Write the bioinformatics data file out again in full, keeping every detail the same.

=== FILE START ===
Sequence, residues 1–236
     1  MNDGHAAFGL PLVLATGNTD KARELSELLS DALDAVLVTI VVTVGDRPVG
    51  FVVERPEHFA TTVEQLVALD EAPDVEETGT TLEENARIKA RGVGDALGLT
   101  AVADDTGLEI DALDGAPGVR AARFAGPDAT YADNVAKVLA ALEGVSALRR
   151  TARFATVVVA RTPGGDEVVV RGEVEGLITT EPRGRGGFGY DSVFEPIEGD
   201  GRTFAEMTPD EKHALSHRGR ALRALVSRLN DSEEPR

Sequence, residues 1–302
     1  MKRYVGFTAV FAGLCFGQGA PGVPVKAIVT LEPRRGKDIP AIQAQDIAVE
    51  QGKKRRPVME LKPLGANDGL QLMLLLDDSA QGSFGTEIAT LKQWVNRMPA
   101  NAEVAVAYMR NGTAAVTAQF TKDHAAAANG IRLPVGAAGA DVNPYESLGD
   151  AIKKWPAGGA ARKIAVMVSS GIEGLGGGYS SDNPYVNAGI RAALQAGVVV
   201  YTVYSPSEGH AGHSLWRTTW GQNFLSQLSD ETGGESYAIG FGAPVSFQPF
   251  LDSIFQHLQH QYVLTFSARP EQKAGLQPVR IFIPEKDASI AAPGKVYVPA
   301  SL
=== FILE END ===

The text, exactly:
Sequence, residues 1–236
     1  MNDGHAAFGL PLVLATGNTD KARELSELLS DALDAVLVTI VVTVGDRPVG
    51  FVVERPEHFA TTVEQLVALD EAPDVEETGT TLEENARIKA RGVGDALGLT
   101  AVADDTGLEI DALDGAPGVR AARFAGPDAT YADNVAKVLA ALEGVSALRR
   151  TARFATVVVA RTPGGDEVVV RGEVEGLITT EPRGRGGFGY DSVFEPIEGD
   201  GRTFAEMTPD EKHALSHRGR ALRALVSRLN DSEEPR

Sequence, residues 1–302
     1  MKRYVGFTAV FAGLCFGQGA PGVPVKAIVT LEPRRGKDIP AIQAQDIAVE
    51  QGKKRRPVME LKPLGANDGL QLMLLLDDSA QGSFGTEIAT LKQWVNRMPA
   101  NAEVAVAYMR NGTAAVTAQF TKDHAAAANG IRLPVGAAGA DVNPYESLGD
   151  AIKKWPAGGA ARKIAVMVSS GIEGLGGGYS SDNPYVNAGI RAALQAGVVV
   201  YTVYSPSEGH AGHSLWRTTW GQNFLSQLSD ETGGESYAIG FGAPVSFQPF
   251  LDSIFQHLQH QYVLTFSARP EQKAGLQPVR IFIPEKDASI AAPGKVYVPA
   301  SL